Edward Norton has long been a Hollywood force to be emulated, and with “Motherless Brooklyn,” he’s showing that he can, indeed, do it all. The period noir film’s producer, writer, and director also stars as Lionel Essrog, a private detective who has Tourette Syndrome and obsessive-compulsive disorder. Here, the multihyphenate and three-time Oscar nominee looks back on his early career and shares the insights he picked up along the way.
Do you have an audition horror story that you could share with us?
It starts as a horror story and then ends up a story of satisfaction. There was a casting director in New York in the ’90s who was one of the biggest ones. I’m not gonna be harsh and say who it was; she was at one of the top sort of hyphenate two-partner firms and cast everything that was going on in New York then. I actually got an audition for the New York Shakespeare Festival; I went in and did Edmund’s speech in “[King] Lear,” and I think I did [something] from “Measure for Measure.” And it was toward the end of the day; I had a cold, I remember. Maybe I sounded a little stopped up, but I know I wasn’t that off my game. Anyway, she sat me down and sort of looked at my résumé and basically gave me the “I like to be honest with people, and I think you should be doing something else” [speech]. Not even, like, “Thanks a lot.” She actually took the time to sit me down and say, “You got a degree in history. Why are you doing this?” And I was looking at her like, “Are you really doing this to me?” And then she was like, “I like to be honest with people, and I think that maybe this isn’t for you and you should try something else.” I remember going out on the street going like, “Oh, my God, the biggest casting director in New York just told me to get another line of work.” And I remember thinking like, Fuck her, what does she know?
Then I ran into her a little while after “Primal Fear,” and she was like, “Oh, my God, I’m so happy to meet you finally!” I said, “See you again, you mean.” And she said, “What do you mean?” I said, “You mean, ‘I’m happy to see you again.’ ” And she was like, “Oh, you never came through me, I would’ve remembered!” I said, “Oh, when I tell you, you’re gonna remember.” I was all ready to really stick it to her, [but] she, to her huge credit, went, “Oh, my God, did I give you the speech?” And I said, “Yes, you did,” and she went, “Fuck me. I’m an idiot—good for you!” She was so nice about it that I couldn’t, really. But I think that it’s a good reminder to not really listen to anybody on any given day.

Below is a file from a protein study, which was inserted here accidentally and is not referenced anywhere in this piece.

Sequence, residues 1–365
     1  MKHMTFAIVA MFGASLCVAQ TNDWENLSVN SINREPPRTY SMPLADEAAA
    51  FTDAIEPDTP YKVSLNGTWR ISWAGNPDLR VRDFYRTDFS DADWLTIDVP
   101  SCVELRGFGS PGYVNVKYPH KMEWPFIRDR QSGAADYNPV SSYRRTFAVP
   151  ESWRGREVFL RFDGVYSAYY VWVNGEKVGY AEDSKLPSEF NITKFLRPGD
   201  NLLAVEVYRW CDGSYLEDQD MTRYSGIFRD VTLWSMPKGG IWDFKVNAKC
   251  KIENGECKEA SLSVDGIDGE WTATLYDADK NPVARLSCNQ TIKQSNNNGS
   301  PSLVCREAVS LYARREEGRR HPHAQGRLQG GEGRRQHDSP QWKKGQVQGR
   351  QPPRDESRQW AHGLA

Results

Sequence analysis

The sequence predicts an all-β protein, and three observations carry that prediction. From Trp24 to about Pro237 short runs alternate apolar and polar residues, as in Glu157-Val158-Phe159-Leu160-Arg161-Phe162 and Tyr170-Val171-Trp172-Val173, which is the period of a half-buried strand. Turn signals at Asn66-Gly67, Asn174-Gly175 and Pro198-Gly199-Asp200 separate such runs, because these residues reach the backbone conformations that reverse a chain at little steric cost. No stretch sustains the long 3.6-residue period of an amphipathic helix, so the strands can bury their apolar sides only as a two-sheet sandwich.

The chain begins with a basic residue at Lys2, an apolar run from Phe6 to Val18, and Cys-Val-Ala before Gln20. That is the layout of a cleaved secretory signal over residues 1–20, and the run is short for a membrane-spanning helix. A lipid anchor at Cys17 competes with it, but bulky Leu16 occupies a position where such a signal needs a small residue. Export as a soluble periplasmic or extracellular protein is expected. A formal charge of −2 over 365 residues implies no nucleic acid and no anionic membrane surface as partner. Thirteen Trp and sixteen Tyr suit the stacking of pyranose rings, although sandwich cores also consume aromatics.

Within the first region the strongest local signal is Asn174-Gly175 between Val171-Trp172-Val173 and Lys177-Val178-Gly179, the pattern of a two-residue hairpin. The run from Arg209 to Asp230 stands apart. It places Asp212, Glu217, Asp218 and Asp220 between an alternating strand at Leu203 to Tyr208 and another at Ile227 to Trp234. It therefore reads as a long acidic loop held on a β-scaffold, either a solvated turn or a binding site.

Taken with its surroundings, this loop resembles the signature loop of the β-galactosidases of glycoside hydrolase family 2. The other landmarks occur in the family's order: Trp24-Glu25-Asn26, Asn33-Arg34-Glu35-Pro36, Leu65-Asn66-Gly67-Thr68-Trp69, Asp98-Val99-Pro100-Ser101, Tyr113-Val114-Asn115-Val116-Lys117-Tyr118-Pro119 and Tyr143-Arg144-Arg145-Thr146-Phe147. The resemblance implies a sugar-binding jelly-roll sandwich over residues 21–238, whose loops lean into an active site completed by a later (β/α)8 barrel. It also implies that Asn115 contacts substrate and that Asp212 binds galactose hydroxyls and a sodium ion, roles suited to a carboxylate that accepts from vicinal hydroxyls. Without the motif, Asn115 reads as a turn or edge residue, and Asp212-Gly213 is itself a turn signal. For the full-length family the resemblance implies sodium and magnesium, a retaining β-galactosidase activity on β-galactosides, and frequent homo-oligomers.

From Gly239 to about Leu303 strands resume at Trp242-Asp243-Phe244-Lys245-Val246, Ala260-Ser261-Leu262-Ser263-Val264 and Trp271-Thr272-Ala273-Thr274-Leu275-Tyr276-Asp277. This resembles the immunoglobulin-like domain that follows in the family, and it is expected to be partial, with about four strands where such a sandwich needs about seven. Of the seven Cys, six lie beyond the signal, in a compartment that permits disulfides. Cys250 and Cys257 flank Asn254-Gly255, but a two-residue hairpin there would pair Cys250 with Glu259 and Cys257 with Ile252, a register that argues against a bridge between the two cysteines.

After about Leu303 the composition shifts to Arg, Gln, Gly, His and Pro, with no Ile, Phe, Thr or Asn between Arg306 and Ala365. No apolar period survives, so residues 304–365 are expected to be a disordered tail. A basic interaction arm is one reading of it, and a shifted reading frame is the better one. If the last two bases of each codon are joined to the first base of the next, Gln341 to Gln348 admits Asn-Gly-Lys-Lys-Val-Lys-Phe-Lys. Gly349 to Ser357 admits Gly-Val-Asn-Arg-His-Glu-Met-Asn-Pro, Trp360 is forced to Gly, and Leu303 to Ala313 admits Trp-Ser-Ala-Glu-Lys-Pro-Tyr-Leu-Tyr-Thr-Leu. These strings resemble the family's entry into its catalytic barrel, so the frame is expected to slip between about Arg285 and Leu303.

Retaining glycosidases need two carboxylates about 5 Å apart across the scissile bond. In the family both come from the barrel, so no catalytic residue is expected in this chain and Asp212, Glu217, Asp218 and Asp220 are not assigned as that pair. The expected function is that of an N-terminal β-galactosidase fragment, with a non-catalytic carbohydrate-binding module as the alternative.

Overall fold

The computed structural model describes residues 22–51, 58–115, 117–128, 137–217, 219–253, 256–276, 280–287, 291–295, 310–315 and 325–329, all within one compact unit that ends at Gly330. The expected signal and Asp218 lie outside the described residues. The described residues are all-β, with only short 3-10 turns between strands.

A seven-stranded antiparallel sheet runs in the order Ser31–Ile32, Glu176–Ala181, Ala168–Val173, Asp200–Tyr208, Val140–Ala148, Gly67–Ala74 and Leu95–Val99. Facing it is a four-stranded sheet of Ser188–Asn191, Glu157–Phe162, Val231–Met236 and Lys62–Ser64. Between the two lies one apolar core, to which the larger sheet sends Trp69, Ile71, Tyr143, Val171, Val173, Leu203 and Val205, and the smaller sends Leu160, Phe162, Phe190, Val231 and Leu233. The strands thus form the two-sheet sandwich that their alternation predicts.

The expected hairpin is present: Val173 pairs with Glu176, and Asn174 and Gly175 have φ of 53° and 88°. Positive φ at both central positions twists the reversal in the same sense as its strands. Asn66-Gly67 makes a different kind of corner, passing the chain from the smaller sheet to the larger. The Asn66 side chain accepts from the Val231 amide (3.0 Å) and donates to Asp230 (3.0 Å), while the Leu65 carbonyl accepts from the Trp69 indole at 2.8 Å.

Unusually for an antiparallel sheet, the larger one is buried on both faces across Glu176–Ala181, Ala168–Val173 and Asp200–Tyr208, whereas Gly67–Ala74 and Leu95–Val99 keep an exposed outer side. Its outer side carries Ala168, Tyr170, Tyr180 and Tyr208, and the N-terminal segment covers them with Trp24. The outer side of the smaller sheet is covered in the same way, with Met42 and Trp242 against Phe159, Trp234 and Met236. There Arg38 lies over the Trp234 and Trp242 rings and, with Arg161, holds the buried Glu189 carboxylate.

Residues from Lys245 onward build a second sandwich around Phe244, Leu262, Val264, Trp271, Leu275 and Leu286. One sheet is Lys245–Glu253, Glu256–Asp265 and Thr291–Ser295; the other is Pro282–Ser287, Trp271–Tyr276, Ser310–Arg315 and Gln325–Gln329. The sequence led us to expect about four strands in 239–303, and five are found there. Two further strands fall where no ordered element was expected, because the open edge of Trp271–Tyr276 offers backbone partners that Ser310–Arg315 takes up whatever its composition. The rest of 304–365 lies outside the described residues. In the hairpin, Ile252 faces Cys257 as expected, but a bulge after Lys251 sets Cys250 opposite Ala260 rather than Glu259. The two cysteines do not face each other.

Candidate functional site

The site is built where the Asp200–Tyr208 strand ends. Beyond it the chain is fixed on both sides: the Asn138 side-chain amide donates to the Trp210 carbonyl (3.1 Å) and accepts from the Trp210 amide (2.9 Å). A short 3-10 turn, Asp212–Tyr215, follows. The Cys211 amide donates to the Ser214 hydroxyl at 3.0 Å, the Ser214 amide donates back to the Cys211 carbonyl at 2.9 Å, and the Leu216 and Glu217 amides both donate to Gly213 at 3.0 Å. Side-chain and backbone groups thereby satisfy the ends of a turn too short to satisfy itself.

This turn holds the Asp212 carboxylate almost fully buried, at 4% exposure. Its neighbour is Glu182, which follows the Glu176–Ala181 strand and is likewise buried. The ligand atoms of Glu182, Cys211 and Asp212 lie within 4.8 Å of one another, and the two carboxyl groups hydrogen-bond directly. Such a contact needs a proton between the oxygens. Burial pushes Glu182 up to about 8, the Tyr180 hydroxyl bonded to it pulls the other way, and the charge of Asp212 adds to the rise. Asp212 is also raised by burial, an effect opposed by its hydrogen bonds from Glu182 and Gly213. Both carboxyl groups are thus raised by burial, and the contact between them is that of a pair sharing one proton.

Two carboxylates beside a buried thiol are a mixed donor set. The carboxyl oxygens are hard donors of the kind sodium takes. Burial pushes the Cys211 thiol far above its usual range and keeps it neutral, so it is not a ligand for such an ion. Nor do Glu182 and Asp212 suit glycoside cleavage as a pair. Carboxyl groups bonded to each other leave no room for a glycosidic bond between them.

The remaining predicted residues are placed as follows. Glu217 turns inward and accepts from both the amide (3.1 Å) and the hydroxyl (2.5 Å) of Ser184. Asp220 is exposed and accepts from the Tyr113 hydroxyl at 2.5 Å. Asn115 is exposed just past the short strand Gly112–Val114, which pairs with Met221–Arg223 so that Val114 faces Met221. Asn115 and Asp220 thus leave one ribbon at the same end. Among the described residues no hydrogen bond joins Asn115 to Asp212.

What’s one screen performance that every actor should see?
There are so many. Things were formative for me at different phases. I was very affected by “Taxi Driver,” I was very affected by “The Graduate,” I was very affected by “Annie Hall.” I see things now, like, Javier Bardem’s performance in [Alejandro G. Iñárritu’s] film “Biutiful,” I marvel at that performance. He’s obviously one of the greats, but knowing everything I know about making films and the way that they’re done out of order and all those things—the emotional through line he sustained in that film, I’m still kind of reeling from that performance. It just crushed me.
What’s one piece of advice you would give your younger self?
I’d have probably told myself to drive across the country a few more times while you can. Sometimes I would get very hung up on, like, “Well, I shouldn’t go do this adventure with these friends because what if there’s some audition I miss next week?” But doing things like getting in a car and driving across the country probably does more for your work and your understanding of people and places and voices and sounds than hanging out grinding. I think at that stage in your life, it’s impossible to look forward and realize how little time you’re going to have for those kinds of wide-open-to-the-world moments. Just go get ’em and soak ’em up.
What’s the wildest thing you’ve ever done to get a role?
I had read this one-act play by Edward Albee called “Finding the Sun.” I really liked the play, and I looked up the production history of it and found out it had never been produced. So I wrote him a letter—he was listed at the time! And I just said, you know, “I’m an enormous fan of your work and I read this play and saw it had never been produced and this was my reaction to it and would you ever consider letting some of us mount a production of it in New York?” And I sort of [added]: “By the way, I’m in a production of Brian Friel’s ‘Lovers,’ it’s actually pretty terrific, here’s a review. If you by chance drop in, so-and-so is involved in the production who I believe has some connection to you through this.” I was just doing anything I could to validate it, right? And about 10 days later, I got a letter back from him, and he said, “It’s very interesting that you noted that, I’m very fond of that play, I liked your take on it very much. I absolutely would have let you do this, but I have just signed on to do a season with this new company, Signature Theatre, and we’re going to do it as part of an evening of one-acts. Maybe you should come in and read for us. Your take on it was very nice. And I’ll drop by and see your play if I can.”
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I couldn’t believe it. And two nights later, I came out from my show on East 4th [Street] and the producer was like, “This is Edward Albee.” He had come to check it out, and was impressed and very, very nice and he said, “You must now come and audition for us.” He ended up thinking I was too old for the play I liked, but they cast me in a much better part in a new play of his called “Fragments,” which was part of Signature’s season that year. It’s wild the number of things that metastasized out of those days.”
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